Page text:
WASHINGTON DC—Liraglutide, an experimental once-daily, injectable drug treatment for type 2 diabetes, may reduce cholesterol and other risk factors for heart disease better than other currently available diabetes medications, according to a meta-analysis.
Researchers say improvements in lipid levels might be either a result of weight loss or improved metabolism in general. Compared with patients taking other diabetes drugs, liraglutide was associated with significantly greater reductions in the proportion of patients with metabolic syndrome, investigators reported here at the Endocrine Society’s 91st Annual Meeting.
“Pooled results from studies in nearly 4,000 patients with type 2 diabetes show that liraglutide controls blood sugar very effectively, but that it can also reduce weight, cholesterol, and other risk factors for heart disease that are more common in diabetic patients,” said lead investigator Richard Pratley, MD, Professor of Medicine at the University of Vermont College of Medicine in Burlington.
Dr. Pratley and his colleagues reviewed six previously published phase 3 clinical trials that were part of the Liraglutide Effect and Action in Diabetes study. The study compared liraglutide with glimepiride, rosiglitazone, injectable exenatide, and injectable insulin glargine. The researchers wanted to find out if 26 weeks of treatment with liraglutide could reduce the frequency of the metabolic syndrome.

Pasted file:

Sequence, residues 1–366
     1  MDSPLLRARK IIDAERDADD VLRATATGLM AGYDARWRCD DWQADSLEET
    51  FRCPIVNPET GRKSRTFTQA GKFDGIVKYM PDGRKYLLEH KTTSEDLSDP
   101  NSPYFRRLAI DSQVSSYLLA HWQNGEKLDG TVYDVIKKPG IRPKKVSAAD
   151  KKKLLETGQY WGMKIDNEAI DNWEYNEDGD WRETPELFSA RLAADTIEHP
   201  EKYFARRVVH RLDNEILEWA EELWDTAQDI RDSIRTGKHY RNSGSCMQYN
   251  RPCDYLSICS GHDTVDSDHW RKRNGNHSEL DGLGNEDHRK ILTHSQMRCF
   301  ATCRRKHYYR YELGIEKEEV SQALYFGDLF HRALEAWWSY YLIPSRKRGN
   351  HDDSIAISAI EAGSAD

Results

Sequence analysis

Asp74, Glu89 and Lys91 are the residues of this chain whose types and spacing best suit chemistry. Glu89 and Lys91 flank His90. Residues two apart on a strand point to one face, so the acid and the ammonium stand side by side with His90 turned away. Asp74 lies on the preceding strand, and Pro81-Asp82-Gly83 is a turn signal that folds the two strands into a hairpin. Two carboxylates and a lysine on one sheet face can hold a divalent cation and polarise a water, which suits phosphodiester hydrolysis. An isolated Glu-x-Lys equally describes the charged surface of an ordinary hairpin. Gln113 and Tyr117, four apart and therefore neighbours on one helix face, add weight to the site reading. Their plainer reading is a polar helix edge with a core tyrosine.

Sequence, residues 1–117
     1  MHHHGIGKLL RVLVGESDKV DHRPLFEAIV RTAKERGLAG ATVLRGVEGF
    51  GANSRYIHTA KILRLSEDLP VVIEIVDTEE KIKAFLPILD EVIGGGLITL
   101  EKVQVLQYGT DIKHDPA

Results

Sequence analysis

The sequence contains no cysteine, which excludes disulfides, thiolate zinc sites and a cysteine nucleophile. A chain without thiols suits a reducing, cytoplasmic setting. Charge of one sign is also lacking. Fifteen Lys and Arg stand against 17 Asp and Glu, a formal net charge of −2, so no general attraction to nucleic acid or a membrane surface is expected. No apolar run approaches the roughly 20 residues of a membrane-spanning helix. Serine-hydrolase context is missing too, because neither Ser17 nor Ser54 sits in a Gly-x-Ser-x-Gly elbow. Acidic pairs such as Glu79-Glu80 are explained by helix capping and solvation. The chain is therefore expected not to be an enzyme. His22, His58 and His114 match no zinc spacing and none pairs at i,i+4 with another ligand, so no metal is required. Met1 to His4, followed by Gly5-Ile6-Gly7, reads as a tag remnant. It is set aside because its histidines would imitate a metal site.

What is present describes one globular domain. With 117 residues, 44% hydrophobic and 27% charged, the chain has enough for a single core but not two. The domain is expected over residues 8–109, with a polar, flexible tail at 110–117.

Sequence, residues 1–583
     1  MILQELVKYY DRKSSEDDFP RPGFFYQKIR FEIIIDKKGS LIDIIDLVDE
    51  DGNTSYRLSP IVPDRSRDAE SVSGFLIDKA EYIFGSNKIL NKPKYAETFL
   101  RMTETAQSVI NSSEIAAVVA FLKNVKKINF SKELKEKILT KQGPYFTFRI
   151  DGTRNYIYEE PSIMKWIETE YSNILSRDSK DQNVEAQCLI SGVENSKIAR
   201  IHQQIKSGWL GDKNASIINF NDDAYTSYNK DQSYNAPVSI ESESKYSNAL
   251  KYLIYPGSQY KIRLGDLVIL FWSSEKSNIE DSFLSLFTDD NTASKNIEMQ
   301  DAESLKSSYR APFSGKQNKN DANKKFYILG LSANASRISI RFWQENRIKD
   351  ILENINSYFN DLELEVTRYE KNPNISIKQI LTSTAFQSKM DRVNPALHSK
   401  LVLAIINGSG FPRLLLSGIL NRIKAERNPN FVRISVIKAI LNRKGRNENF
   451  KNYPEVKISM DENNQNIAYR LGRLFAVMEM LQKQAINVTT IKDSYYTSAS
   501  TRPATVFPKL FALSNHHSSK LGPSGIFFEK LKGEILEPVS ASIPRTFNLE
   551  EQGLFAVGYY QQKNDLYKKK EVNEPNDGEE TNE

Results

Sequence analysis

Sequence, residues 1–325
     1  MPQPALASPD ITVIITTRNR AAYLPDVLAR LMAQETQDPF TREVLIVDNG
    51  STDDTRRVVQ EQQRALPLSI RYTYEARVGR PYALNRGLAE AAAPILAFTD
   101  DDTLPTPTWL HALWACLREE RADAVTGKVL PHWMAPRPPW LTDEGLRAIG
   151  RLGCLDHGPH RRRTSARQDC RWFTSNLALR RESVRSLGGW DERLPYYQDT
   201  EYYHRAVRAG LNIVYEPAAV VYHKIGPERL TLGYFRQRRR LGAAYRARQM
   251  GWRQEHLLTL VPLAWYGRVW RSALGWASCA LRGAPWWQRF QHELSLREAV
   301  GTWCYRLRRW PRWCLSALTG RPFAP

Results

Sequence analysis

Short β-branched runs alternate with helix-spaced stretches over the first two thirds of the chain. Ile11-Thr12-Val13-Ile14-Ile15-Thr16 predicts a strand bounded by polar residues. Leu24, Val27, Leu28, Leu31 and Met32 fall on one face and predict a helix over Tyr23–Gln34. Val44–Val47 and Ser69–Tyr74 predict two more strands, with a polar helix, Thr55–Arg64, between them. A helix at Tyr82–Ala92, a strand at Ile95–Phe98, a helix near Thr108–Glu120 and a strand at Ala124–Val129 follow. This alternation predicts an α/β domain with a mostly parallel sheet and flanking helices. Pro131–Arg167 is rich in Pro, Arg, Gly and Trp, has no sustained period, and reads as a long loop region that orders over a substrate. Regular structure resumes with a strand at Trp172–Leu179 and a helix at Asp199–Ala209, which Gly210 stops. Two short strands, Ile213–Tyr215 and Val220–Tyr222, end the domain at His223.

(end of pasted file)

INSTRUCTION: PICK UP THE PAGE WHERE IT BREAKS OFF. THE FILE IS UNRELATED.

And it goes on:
Metabolic syndrome was defined according to criteria established by the National Cholesterol Education Program’s Adult Treatment Panel III. Patients had to have at least three of the following risk factors to have metabolic syndrome: high blood glucose, abdominal obesity with a waist circumference of greater than 40 inches in men and 35 inches in women, high LDL cholesterol, low HDL cholesterol, high triglycerides (150 mg or greater), and high BP (greater than 130/85 mm/Hg).
Liraglutide significantly reduced total cholesterol compared with rosiglitazone, insulin glargine, and placebo, with between-group differences of 16.3, 6.1, and 5.6 mg/dL. Liraglutide significantly reduced LDL cholesterol compared with rosiglitazone, glimepiride, and insulin glargine, with between-group differences of 10, 3.1, and 5.2 mg/dL.
For HDL cholesterol, the researchers found that rosiglitazone provided significantly greater improvements in HDL cholesterol than all of the other medications and placebo.
In a subset of patients who met criteria for metabolic syndrome at baseline, the researchers found that, at 26 weeks, liraglutide significantly decreased the odds of having metabolic syndrome by 41% compared with glimepiride, 51% compared with exenatide, and 37% compared with placebo.